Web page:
Why should we care about these tiny green crabs? As you read the introduction below, you will understand. This was taken directly from the "Green Crab Working Summit 2018" in Portland, Maine, written by scientist/researcher Dr. Gabriela Bradt, an expert on green crab. She gave permission to reprint this introduction in my blog.
I encourage you to eat more green crab!
Thanh Thai (firstname.lastname@example.org)
Green Crab Cafe blog author
Green crab recipe developer
Green crab photographer
Green crab eating enthusiast
Green Crab Working Summit 2018
The East Coast wave of the green crab invasion occurred 200 years ago and they have since firmly established themselves from New England to Prince Edward Island, Canada, wrecking ecological and economic havoc along the way. We are not the first to research and propose solutions to reign in these nuisance crustaceans, in fact some of the ideas and work being presented and discussed over the next several days have been proposed or attempted in the past. However, in the years since people have been investigating this problem, not one, long-term, lucrative, eco-beneficial and viable mitigation/control plan has actually been truly successful at achieving this. There are many reasons for this, including lack of funding, processing capabilities, technology, and perseverance. Green crabs are successful invaders because they possess many biological and physiological properties that allow them to exploit diverse habitats, withstand broad ranges of temperature and salinity, as well as the ability to survive out of water and without eating for extensive periods. Along with few natural predators and high fecundity, green crabs are very likely the 'model' invasive species that have gone unchecked for too long.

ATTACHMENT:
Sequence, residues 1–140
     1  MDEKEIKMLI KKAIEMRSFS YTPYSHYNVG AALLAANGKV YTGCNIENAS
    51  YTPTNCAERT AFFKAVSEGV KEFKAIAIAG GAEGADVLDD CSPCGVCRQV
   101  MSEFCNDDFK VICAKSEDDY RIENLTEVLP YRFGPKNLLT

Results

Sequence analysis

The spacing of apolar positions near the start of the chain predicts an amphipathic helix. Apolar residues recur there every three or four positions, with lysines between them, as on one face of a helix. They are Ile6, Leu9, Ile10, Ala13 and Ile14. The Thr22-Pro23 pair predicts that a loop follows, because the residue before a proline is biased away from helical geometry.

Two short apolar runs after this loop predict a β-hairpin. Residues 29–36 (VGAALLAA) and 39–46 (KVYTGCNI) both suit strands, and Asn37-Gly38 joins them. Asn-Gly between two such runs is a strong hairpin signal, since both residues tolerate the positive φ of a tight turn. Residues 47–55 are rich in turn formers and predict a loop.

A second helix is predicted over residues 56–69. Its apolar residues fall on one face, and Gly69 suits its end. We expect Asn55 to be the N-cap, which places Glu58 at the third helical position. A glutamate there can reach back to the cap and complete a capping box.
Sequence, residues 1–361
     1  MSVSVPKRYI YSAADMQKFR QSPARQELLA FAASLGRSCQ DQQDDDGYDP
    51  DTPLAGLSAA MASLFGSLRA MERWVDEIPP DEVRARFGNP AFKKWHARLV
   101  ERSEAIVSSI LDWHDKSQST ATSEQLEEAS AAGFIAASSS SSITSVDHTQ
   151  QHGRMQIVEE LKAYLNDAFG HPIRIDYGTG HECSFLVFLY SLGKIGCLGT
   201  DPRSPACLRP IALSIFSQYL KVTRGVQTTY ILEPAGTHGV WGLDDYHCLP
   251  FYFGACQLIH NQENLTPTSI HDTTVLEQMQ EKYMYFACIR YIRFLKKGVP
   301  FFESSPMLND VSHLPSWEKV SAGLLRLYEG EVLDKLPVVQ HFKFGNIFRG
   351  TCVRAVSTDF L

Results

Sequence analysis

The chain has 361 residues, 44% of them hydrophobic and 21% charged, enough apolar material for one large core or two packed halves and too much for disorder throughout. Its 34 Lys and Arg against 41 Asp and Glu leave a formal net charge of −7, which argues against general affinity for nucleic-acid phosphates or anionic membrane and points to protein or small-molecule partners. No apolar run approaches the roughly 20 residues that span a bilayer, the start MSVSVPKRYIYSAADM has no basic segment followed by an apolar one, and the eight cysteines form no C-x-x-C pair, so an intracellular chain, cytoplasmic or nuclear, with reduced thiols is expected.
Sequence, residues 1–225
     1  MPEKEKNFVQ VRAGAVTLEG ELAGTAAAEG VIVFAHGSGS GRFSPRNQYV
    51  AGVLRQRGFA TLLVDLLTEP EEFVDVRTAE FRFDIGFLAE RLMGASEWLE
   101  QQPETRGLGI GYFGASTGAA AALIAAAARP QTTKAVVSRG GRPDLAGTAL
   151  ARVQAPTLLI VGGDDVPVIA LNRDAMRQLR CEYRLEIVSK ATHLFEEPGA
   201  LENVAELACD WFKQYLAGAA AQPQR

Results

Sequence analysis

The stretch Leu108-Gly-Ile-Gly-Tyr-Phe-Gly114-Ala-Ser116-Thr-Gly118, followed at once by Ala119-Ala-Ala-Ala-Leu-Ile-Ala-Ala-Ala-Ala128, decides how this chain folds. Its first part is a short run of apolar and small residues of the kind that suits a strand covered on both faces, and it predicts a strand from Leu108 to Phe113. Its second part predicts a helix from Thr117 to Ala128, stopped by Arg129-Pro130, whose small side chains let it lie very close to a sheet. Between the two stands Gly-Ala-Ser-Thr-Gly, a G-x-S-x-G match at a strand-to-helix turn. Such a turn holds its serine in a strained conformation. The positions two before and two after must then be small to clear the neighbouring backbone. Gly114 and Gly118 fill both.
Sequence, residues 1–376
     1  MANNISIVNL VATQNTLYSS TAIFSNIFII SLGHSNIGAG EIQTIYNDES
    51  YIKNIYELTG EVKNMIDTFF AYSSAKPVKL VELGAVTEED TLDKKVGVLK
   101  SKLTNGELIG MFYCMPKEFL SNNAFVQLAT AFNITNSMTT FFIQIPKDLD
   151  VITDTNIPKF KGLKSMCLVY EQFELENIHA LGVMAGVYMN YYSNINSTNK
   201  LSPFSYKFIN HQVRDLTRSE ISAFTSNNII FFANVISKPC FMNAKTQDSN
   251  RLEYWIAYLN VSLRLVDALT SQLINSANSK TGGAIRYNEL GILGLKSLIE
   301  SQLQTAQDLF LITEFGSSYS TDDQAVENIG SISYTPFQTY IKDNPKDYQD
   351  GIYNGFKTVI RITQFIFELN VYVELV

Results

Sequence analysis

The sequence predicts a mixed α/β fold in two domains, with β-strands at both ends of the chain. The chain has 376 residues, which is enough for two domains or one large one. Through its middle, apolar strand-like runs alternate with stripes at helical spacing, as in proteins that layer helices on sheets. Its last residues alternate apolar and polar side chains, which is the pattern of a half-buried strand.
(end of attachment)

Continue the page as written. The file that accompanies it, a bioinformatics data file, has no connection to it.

However, the time to finally get a handle on this invasive crustacean appears to have arrived. The combination of warming ocean temperatures, increasing regulations on wild harvest fisheries, fish populations at historically low levels, as well as continued demand for fresh, local seafood and continued devastation of shellfish fisheries and estuarine and coastal habitats by these crustaceans, has lead to the perfect confluence of factors driving the need for population control while also developing diverse uses and markets for this nutritious and abundant crab that happens to be an invasive species. Controlling green crabs populations has the potential to positively impact shellfish fisheries through reduced predation, create new economic opportunity for fishermen, bring a new, local and abundant seafood product to the region, AND restore biodiversity and critical estuarine, marsh and coastal ecosystems. The possible uses and products from green crabs that have high market potential are many, and their development and manufacture are critical. The time to develop and investigate in these products is now, and it is why we decided to put together this summit. We want to bring all stakeholders to the table and see what we can learn from each other that will be helpful, feasible and ultimately successful in mitigating this nuisance species.
Let's use our broad and vast experience to explore, develop and expand markets, biocontrol methods and the potential of a green crab "Fishery".
LET'S DO THIS!
Dr. Gabriela Bradt
Co-lead of Green Crab Working Summit 2018
New Hampshire Sea Grant and UNH Cooperative Extension
University of New Hampshire
8 College Road
Durham, NH 03824